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Selection for increased cranial capacity in small mammals during a century of urbanization

Citation

DePasquale, Cairsty (2021), Selection for increased cranial capacity in small mammals during a century of urbanization, Dryad, Dataset, https://doi.org/10.5061/dryad.pg4f4qrkc

Abstract

Urbanization is a selective force that is known to drive changes in the population dynamics of wildlife. How animals adapt to changing environmental conditions is crucial to their survival in these environments. Brain size, or cranial capacity, is a known proxy of behavioral flexibility, and can be used to assess how well a species has adapted to a particular environment. We examined cranial capacity changes in a time series of small mammal skulls collected from urban and rural populations in south western Pennsylvania. Urban skulls were collected from Allegheny county—an area that experienced rapid urbanization over the past century, and rural skulls from Powdermill Nature Reserve (Carnegie Museum), which has remained relatively unchanged forest over the same period. Our results show that Peromyscus leucopous (white-footed mouse) and Microtus pennsylvanicus (meadow vole) from urban populations had significantly greater cranial capacity than their rural counterparts, but the opposite was true for Eptesicus fuscus (big brown bat). We found no difference in relative cranial capacity across time in any of the small mammal species. Our results suggest that a larger cranial capacity is selected for in an urban environment and reinforces the hypothesis that behavioral flexibility is important for animals to adapt to novel environments.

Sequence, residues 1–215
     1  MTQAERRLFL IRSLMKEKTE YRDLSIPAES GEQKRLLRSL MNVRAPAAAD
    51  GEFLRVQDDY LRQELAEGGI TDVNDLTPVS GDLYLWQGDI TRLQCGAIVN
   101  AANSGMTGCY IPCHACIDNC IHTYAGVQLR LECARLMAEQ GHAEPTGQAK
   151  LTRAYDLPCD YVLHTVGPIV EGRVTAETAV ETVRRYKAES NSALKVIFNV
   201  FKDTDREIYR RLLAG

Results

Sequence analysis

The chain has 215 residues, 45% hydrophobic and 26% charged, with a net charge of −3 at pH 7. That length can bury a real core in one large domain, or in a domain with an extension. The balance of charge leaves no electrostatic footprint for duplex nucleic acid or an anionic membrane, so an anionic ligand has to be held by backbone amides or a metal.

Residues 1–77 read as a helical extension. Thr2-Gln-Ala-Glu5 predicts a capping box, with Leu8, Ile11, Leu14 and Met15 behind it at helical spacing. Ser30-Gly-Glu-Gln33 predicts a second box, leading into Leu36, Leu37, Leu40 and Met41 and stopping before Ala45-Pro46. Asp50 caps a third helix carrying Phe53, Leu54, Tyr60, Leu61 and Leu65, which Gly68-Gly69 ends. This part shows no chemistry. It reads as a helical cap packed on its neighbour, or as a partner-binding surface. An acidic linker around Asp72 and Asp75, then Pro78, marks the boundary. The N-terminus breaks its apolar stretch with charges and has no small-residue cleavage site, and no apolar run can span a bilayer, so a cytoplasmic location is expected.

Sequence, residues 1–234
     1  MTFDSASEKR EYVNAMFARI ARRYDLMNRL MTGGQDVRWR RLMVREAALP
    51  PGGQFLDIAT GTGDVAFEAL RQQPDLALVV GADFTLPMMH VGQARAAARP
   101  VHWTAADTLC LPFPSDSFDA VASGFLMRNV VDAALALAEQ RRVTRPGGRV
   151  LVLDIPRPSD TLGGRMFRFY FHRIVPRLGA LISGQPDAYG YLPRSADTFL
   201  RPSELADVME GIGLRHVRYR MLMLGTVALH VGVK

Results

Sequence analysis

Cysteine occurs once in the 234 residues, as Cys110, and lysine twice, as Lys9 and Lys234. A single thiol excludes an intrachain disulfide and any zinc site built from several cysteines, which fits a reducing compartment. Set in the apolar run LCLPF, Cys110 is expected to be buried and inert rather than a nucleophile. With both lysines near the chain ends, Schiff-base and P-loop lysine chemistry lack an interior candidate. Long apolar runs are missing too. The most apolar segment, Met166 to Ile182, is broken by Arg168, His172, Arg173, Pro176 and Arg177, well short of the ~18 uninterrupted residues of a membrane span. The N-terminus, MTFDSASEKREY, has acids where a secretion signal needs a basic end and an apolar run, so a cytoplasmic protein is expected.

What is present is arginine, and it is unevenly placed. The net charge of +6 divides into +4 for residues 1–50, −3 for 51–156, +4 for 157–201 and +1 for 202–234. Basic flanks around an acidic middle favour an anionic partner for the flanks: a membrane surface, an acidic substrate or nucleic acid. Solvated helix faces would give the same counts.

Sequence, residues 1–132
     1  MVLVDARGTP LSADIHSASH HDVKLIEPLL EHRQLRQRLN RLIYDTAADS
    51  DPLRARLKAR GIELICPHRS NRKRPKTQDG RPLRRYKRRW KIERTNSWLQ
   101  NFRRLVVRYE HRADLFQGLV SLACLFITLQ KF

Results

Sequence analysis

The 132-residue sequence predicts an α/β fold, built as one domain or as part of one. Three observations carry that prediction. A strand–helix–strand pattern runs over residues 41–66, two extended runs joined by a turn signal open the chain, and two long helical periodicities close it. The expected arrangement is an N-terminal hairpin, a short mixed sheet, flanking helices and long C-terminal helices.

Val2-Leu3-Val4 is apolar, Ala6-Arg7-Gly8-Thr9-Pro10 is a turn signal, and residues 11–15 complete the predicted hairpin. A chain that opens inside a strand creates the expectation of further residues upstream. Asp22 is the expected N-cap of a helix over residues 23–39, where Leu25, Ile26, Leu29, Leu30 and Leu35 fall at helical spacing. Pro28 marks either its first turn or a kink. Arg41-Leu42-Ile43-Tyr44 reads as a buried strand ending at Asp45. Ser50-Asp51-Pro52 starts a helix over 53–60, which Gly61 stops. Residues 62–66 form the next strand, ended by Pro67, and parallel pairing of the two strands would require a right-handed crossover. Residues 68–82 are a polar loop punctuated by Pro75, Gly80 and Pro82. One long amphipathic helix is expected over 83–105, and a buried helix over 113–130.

Funding

Pennsylvania State University